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Hiding secrets in computer files: steganography is the new invisible ink, as codes stow away on images.

Unbeknownst to the common Internet user, electronic images can be altered to hold digital code or secret files that are invisible to the naked eye.

Steganography--the hiding of digital files within other files--is becoming more common thanks to software programs easily available for purchase and download, such as Covert.tcp and Stego. The technology itself is harmless and can actually be a force for good. In countries such as Saudi Arabia, Myanmar (Burma), Laos, Yemen, the United Arab Emirates, and China, pro-democracy dissidents use steganography to circumvent government censorship policies. However, researchers with the U.S. government's Ames Laboratory are concerned that criminals under surveillance could use coded electronic pictures to send child pornography or possibly to exchange information in the planning of terrorist acts.

Images files such as jpegs offer an effective camouflage for encrypted data because they are extremely common, can be sent in an unattached form through e-mail, and can be posted on otherwise innocuous Web sites, including eBay. The secret files, or "payloads," are hidden in the jpeg by altering the color values of the picture just slightly so that even pixel values represent zero and odd pixel values represent one. This slight alteration does not change the picture in any visible way. The recipient of the file decodes the even-odd string of pixel values to reveal a new string of zeros and ones--a completely new computer file that can be reassembled into a message or picture. One stego program can purportedly hide data at the end of a line of text or an e-mail message.

"At the simplest level, consider a black and white photo--each pixel has a grayscale value between zero (black) and 255 (white)," says Jennifer Davidson, an Iowa State University math professor working on the project. "The data file for the photo is one long string of those grayscale numbers that represent each pixel. Visually, you won't see any difference between the before and after photo because the shift in pixel value is so minor."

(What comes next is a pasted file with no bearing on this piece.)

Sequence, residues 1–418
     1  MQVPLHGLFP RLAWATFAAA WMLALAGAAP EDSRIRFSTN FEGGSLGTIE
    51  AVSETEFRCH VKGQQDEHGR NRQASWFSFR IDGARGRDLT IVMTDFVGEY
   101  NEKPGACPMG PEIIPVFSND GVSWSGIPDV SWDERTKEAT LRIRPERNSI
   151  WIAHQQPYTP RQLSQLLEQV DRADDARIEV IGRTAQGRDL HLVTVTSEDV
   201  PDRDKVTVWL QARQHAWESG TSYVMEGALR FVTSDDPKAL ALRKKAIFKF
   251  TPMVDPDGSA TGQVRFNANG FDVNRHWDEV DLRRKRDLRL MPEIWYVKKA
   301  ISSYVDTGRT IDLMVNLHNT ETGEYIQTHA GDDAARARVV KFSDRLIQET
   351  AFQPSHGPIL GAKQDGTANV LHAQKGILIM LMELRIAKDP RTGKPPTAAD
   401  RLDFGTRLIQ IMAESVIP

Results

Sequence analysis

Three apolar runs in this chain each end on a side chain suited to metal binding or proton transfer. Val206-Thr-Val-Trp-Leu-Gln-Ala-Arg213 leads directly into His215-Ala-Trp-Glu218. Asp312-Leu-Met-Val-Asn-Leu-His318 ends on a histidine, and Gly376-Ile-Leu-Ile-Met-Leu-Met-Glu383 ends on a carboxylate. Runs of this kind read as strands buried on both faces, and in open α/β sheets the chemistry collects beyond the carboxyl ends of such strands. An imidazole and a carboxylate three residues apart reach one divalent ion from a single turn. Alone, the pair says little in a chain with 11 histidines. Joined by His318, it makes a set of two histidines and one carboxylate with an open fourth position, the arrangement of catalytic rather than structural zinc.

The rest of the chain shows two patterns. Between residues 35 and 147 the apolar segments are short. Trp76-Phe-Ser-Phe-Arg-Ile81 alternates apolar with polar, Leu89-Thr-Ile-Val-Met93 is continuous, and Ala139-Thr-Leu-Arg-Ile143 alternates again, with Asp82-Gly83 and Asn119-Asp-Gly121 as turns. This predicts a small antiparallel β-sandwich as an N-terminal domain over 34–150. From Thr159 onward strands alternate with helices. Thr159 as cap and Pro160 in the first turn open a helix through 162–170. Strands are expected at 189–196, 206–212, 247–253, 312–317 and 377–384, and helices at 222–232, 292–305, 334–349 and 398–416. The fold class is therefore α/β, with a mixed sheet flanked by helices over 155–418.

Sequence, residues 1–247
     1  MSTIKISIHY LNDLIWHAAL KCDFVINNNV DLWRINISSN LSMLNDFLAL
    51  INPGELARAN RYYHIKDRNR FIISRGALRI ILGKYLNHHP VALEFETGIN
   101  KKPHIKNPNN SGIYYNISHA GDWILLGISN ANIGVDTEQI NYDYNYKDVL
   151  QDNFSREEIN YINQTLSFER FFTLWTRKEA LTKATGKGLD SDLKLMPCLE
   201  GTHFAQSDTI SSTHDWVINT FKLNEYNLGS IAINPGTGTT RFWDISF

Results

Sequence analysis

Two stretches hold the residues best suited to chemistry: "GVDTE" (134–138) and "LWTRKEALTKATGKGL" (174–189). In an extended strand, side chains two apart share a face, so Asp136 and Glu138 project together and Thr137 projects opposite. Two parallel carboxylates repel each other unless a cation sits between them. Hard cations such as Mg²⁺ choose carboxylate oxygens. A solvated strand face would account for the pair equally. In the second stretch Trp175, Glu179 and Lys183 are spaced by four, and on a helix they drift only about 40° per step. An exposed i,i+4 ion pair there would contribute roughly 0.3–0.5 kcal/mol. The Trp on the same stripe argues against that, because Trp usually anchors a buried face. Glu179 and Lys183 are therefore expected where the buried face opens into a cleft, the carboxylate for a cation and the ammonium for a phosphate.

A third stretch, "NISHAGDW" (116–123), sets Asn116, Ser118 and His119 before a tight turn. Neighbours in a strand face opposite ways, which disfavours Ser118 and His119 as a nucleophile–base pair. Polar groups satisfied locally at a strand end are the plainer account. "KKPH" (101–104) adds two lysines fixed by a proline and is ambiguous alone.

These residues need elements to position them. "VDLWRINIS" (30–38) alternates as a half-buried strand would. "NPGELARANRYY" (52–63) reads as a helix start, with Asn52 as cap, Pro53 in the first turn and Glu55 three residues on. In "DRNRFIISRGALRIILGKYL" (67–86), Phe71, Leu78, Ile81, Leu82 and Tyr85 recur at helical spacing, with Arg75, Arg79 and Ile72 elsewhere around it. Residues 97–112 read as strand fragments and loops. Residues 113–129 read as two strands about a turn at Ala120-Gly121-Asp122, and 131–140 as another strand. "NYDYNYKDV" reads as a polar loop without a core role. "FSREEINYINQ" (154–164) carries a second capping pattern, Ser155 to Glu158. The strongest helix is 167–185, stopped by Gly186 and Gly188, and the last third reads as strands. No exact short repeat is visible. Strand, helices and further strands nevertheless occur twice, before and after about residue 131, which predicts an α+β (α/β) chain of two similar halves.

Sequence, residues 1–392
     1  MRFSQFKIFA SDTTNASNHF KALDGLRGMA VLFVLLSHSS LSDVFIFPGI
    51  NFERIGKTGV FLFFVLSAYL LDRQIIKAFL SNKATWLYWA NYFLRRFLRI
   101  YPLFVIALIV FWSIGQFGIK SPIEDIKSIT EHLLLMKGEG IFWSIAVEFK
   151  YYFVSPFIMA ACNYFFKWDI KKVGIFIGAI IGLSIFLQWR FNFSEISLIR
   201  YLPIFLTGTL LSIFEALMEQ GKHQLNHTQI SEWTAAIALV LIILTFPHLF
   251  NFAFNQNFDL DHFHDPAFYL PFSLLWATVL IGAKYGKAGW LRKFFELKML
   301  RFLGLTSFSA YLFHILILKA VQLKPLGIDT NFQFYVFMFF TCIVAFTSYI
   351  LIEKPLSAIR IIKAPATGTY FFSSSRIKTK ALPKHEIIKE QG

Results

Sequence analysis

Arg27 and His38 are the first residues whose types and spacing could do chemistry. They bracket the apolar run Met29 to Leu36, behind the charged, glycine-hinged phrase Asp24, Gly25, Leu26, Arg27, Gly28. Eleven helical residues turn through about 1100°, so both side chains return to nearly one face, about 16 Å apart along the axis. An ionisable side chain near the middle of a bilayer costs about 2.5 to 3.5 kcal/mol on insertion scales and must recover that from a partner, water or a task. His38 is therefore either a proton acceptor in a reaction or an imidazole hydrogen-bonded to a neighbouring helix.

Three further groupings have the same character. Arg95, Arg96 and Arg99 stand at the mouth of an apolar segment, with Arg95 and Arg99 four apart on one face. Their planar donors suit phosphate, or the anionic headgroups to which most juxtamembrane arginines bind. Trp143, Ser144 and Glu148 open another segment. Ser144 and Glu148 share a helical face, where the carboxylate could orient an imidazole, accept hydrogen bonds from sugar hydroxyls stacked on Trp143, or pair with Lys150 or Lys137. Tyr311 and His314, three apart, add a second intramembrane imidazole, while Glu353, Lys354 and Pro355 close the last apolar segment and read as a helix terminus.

Davidson and project partner Clifford Bergman are developing a pattern recognition system called an artificial neural net, or ANN, to distinguish between banal images and stego images through the use of algorithms. In initial tests, their ANN identified 92% of stego images and misidentified only 10% of regular pictures.

"If you can detect that there's something there, and better yet, what method was used to embed it, you could extract encrypted data," Bergman says. "But then you're faced with a whole new problem of decrypting the data,... and there are ciphers out there that are essentially impossible to solve using current methods."

In other words, an ANN may help to "tip off" law enforcement to suspicious e-mails, but will do relatively little to actually prove guilt or exonerate the innocent. Bergman hopes that will change in the future. He comments, "Hopefully we can come up with algorithms that are strong enough, and the statistics are convincing enough, for forensic scientists to use in a court of law, so they can say, 'There's clearly something suspicious here,' similar to the way they use DNA to establish a link between the defendant and the crime."

Source: Ames Laboratory, Office of Public Affairs, 111 TASF, Ames, Iowa 50011. Telephone 515-294-1405; Web site

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Author:Tucker, Patrick
Publication:The Futurist
Geographic Code:1USA
Date:Sep 1, 2006
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